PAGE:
Track cycling varies greatly from road cycling. Track cycling is conducted around a 250m oval-shaped track with wooden boards and large banked sides to allow cyclists to travel at fast speeds.
Track cycling events are broken up into two categories; sprint or endurance events. Within each category are many different events, not all of them contested at the Olympics. Events come and go from the Olympic program but there is always a mixture of sprint and endurance events for men and women to compete in.
We’ve broken down track cycling to explain the events that will feature at the 2016 Rio Olympic Games and the unique features of riding on the track.
Track cycling is contested in a purpose built stadium known as a ‘velodrome’. For Olympic and World Championship events the track must measure 250m in length and the ‘bank’ or angle of the track 45degrees on the corners. Other events are not so strict meaning the track can be up to twice as long and the bank closer to 30 degrees.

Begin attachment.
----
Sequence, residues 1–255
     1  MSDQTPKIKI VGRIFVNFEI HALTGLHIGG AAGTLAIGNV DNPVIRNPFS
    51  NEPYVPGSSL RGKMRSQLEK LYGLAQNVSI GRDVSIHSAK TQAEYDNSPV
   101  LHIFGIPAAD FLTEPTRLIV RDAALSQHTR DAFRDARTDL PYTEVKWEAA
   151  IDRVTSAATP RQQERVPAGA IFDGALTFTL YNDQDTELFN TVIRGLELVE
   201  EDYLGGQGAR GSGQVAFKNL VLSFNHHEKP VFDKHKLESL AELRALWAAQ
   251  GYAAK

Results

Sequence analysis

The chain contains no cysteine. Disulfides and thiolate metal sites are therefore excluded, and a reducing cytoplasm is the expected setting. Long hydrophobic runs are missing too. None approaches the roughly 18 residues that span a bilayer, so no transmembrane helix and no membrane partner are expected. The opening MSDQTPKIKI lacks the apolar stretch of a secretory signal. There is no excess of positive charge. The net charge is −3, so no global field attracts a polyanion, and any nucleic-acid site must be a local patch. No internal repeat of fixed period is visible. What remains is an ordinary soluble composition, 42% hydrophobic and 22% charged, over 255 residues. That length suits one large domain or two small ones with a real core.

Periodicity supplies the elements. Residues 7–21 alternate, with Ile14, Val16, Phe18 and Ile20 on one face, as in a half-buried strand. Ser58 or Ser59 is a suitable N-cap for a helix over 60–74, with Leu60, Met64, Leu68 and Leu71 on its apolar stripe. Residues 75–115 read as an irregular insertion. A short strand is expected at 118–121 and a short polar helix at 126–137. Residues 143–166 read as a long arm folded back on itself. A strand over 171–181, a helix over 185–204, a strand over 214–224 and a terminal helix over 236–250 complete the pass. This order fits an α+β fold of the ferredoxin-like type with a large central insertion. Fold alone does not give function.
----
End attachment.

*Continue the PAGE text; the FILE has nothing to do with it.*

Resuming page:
The track is normally made out of either timber or synthetics, or a combination of both, and has various coloured bands which act as ‘lanes’ for the riders to adhere to depending on the event.
A blue area on the inside of the track is the warm-up area and is prohibited during races. The black line on the track is the ‘measurement line’, it sits 20cm above the blue area and is the shortest route around the track. On the outside of the black line is a red line. These two lines create a ‘sprinters lane’ and if a rider is in this lane then overtaking on the inside is not allowed.
High speeds, fixed gears and no brakes makes track cycling a potentially dangerous pursuit, requiring equal parts of skill and bravery.